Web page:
Published on:

Micheal Newsome, Former Police Chief Accused of Stealing Civil Asset Forfeiture Funds, Waives Right to Jury Trial

bills-cash-collection-47344-300x212Former Illinois police chief Michael Newsome, who has been charged with the theft of over $200,000 in civil asset forfeiture funds, has waived his right to jury trial. Newsome was first arrested in 2012 and has been out on bond ever since.

Newsome has been charged with seven felonies. The charges include the theft of over $100,000 in government property, official misconduct, and the misappropriation of funds. The thefts are alleged to have occurred between 2007 and 2012.

At the indictment, the prosecution showed that Newsome had made several dozen withdrawals from the North Chicago Police Department Asset Forfeiture Seizure Fund. Newsome deposited the cash in his own bank account. He used this money, which totaled $219,337, for personal expenses. These expenses included his auto payments, tuition fees for his children’s education, and home remodeling investments.

In 2015, two of the charges against Newsome were dropped after defense attorney Doug Zeit made the argument that the statute of limitations applied to the case. This decision was reversed in 2017 when an appellate court ruled that the charges were still valid as the statute of limitations does not apply to public officials.

Civil asset forfeiture is the legal procedure where law enforcement can take an individual’s property or cash if it is suspected of involvement in a crime. In most states, criminal charges are not needed for property to be seized. The practice has been criticized by groups across the political spectrum as attacking citizen’s civil liberties.

In Chicago, law enforcement retains up to 90% of the revenue from forfeitures. This has led to accusations that police departments have an incentive to seize property. Additionally, in many states, there is little oversight on how the funds from civil asset forfeiture are used. At the time of Newsome’s initial arrest in 2012, only a minimal amount of information was collected on civil asset forfeitures in the state. This information was not aggregated, nor was it made available to the public.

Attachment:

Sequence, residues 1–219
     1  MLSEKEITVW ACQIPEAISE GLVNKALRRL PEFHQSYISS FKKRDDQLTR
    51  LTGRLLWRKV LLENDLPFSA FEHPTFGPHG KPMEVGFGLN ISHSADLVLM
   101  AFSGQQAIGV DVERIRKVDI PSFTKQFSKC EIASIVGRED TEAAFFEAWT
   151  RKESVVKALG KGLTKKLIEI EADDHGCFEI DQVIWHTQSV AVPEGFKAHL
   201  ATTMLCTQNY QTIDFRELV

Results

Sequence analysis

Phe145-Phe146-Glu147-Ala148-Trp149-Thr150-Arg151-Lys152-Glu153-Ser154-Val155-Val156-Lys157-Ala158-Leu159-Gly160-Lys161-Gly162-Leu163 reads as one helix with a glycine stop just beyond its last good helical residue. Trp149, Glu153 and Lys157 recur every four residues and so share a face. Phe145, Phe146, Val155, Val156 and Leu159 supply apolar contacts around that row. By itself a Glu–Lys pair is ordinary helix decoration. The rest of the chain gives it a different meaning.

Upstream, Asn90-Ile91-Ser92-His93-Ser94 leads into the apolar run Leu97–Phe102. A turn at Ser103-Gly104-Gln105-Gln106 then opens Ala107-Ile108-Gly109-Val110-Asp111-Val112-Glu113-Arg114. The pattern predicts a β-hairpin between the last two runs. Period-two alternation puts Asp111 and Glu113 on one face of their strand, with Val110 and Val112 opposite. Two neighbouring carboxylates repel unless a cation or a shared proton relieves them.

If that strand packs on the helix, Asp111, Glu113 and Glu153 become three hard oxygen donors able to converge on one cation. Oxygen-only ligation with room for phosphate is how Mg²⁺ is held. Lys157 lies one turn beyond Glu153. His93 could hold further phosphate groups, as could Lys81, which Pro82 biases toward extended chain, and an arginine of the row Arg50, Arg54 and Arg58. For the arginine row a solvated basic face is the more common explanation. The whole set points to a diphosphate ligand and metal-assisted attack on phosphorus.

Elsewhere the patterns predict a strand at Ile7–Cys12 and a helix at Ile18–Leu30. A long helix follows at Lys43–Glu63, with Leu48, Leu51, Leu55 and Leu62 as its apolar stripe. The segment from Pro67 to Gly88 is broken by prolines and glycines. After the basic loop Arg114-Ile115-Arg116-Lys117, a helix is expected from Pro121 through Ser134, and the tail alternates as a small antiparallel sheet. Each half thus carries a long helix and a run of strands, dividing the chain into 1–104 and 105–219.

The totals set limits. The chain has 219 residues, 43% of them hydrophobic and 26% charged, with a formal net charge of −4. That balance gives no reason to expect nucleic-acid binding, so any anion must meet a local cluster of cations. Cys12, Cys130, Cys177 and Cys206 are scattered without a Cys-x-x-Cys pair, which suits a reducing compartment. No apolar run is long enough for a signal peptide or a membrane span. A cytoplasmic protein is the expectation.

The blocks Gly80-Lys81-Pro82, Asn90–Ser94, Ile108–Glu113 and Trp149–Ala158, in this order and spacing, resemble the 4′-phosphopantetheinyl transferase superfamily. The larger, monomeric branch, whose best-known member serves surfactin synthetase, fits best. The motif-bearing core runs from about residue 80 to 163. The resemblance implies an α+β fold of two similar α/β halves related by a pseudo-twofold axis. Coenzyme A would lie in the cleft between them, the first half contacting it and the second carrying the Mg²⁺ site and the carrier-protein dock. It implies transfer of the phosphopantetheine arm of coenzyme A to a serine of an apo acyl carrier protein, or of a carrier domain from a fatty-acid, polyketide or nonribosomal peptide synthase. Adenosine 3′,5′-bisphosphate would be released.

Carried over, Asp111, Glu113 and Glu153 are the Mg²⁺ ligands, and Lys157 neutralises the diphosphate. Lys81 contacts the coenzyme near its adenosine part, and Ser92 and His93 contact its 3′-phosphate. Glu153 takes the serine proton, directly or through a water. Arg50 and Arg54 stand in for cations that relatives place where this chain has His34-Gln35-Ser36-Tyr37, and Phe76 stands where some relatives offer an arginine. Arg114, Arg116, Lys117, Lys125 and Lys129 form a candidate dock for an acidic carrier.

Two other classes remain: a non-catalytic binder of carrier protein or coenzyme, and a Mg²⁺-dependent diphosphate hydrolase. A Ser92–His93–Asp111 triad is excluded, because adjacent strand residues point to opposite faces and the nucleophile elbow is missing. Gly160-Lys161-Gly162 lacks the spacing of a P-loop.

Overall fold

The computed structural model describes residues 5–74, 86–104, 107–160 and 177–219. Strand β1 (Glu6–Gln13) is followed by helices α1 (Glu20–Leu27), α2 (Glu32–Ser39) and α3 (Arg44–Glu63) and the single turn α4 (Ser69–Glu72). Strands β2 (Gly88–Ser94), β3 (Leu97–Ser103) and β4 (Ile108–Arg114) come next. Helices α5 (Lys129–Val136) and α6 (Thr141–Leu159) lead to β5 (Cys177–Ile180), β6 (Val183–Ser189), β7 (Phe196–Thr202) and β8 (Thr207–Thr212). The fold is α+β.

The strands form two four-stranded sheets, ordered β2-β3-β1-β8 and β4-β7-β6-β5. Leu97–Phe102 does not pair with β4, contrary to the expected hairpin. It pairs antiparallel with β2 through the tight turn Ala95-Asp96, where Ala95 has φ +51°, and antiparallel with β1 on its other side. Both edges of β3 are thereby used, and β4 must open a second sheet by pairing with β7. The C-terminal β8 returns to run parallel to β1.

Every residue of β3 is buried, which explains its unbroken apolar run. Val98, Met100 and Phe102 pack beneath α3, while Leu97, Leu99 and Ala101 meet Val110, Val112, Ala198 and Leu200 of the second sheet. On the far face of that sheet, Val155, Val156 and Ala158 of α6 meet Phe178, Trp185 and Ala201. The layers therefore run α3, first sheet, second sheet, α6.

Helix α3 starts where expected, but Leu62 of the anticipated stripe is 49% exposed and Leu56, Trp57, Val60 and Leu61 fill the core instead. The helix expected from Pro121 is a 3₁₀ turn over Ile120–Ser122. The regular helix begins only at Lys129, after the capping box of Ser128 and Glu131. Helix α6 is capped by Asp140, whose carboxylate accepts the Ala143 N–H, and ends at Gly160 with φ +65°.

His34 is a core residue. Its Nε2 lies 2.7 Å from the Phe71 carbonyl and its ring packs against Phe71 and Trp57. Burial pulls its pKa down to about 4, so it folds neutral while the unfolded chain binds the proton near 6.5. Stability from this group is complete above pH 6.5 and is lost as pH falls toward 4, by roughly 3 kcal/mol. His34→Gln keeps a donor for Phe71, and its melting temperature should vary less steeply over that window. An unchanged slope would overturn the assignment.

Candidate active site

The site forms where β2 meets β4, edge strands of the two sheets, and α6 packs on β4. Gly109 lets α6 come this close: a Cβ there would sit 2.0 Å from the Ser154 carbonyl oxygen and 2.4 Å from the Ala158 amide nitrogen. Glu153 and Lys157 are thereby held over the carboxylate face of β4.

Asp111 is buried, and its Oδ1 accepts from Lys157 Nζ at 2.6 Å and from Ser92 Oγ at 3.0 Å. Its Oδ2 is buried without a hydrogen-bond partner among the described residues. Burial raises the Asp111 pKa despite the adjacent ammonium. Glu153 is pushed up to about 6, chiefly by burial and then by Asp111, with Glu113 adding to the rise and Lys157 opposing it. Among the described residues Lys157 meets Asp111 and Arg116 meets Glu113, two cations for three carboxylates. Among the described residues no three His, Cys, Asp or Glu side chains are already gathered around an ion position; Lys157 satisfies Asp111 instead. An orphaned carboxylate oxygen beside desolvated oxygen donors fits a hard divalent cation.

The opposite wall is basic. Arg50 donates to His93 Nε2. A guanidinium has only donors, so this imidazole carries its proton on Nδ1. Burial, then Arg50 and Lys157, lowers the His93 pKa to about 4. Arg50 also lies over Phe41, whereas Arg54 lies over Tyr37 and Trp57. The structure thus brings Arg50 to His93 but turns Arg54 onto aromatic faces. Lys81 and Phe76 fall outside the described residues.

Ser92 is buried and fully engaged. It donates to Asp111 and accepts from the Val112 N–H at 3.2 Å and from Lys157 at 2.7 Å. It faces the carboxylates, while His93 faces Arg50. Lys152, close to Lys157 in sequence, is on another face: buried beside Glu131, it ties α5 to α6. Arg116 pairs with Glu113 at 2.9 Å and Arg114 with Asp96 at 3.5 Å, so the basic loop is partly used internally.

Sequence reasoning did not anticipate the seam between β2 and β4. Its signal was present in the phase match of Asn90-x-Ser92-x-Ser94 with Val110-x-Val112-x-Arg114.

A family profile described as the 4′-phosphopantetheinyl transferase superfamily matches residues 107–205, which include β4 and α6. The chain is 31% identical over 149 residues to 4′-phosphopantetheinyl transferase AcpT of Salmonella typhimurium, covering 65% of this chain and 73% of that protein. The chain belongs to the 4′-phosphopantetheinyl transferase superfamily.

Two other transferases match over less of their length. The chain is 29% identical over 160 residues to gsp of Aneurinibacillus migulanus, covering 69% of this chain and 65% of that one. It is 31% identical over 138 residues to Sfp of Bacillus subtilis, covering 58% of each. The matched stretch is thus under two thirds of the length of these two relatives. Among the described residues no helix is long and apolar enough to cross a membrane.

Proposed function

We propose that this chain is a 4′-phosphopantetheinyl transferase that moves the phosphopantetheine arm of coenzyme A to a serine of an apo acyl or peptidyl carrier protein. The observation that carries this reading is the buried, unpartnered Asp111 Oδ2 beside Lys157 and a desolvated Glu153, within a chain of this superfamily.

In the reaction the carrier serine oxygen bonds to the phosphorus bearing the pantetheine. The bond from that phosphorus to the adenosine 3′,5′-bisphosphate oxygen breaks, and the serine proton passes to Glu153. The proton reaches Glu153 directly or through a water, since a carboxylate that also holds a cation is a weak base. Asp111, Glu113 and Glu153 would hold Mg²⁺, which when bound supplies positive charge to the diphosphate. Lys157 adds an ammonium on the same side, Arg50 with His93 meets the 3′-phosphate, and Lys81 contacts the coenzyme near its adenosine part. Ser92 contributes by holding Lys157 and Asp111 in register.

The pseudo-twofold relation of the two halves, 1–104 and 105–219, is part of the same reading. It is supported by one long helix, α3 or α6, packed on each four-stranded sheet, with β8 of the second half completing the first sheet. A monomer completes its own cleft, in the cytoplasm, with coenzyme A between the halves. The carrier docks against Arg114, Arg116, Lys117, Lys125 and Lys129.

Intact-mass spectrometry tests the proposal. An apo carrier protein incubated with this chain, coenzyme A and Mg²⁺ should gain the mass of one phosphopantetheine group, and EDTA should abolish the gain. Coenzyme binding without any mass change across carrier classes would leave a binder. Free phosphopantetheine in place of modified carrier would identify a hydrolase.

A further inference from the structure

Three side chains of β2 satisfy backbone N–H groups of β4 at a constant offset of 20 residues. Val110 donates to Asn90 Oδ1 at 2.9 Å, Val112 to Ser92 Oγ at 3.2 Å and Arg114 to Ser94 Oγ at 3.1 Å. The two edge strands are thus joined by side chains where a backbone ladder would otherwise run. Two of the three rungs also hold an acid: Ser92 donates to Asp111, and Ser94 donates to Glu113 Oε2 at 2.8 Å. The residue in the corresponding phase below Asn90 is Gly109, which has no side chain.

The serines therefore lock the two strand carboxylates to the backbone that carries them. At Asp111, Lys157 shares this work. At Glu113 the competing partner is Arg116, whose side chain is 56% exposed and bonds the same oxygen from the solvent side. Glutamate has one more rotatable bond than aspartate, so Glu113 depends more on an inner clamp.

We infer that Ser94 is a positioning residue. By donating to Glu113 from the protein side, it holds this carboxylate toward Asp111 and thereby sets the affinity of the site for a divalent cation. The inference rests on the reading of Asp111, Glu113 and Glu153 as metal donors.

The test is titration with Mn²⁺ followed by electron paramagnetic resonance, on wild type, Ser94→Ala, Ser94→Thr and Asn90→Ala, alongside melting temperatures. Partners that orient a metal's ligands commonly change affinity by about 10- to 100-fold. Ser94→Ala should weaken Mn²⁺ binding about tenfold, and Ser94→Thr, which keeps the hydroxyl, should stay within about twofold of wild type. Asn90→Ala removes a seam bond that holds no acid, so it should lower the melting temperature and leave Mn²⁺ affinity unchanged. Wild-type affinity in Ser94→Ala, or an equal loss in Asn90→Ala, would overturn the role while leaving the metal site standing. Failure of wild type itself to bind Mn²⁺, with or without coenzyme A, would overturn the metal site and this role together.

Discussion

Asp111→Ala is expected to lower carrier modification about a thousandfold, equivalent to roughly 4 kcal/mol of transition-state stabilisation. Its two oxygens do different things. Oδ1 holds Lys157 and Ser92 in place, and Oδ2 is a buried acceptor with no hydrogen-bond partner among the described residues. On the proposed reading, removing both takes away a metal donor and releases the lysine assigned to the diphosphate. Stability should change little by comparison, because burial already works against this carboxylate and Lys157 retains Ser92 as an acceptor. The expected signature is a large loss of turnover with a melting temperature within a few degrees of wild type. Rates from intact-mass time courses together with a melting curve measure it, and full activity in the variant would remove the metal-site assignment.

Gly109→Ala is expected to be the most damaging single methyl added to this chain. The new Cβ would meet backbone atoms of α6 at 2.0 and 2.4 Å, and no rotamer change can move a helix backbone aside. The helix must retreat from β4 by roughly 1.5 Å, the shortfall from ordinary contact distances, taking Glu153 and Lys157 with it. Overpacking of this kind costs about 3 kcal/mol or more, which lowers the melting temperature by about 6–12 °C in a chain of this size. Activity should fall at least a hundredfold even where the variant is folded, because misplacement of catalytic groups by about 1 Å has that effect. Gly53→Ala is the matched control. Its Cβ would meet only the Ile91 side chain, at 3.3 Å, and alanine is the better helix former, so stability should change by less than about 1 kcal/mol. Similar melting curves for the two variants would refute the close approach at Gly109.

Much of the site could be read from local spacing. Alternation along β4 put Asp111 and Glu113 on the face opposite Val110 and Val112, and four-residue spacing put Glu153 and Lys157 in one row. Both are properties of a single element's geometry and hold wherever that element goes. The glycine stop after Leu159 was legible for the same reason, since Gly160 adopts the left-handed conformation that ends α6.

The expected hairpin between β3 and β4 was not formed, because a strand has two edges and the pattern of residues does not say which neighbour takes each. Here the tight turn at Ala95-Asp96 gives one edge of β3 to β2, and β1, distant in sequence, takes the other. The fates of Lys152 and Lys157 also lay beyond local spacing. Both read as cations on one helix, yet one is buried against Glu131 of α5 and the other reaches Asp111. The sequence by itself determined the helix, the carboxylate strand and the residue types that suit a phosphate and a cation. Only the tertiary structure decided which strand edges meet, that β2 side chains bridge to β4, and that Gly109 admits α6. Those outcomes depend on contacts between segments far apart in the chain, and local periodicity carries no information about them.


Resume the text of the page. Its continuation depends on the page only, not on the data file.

With little oversight on the use of the proceeds of civil asset forfeiture, this is not the first time that funds have allegedly been misused. In neighboring Michigan, for example, an investigation is currently underway in Macomb County over potential misuse of funds. Meanwhile, in Georgia, a Gwinnett County sheriff recently caused controversy when he used asset forfeiture funds to buy a Dodge Charger SRT Hellcat.

A law reforming civil asset forfeiture came into effect in Illinois over the summer. One of the law’s provisions states that forfeitures must now be publicly reported. This annual report must include information on how the profits from forfeitures were spent. While this reporting is to be welcomed, it should be noted that law enforcement agencies in other areas of the country have avoided complying with similar requirements.

Further, the reforms do nothing to stop local and state law enforcement agencies from partnering with the federal government under a program known as “equitable sharing.” By doing so, these agencies can circumvent state laws and still retain 80% of the proceeds of forfeitures.

Newsome has a status date set for January 7, with a trial potentially beginning on January 28. Newsome has pleaded not guilty to all charges.

Civil Asset Forfeiture Attorney

If your lawful property has been seized, then you should hire a lawyer. Contact us to set up a free initial consultation and work with one of Florida’s most experienced civil forfeiture defense attorneys.

Source

2018-11-29 Ex-Police Chief Charged With Stealing Over $200,000 Waives Jury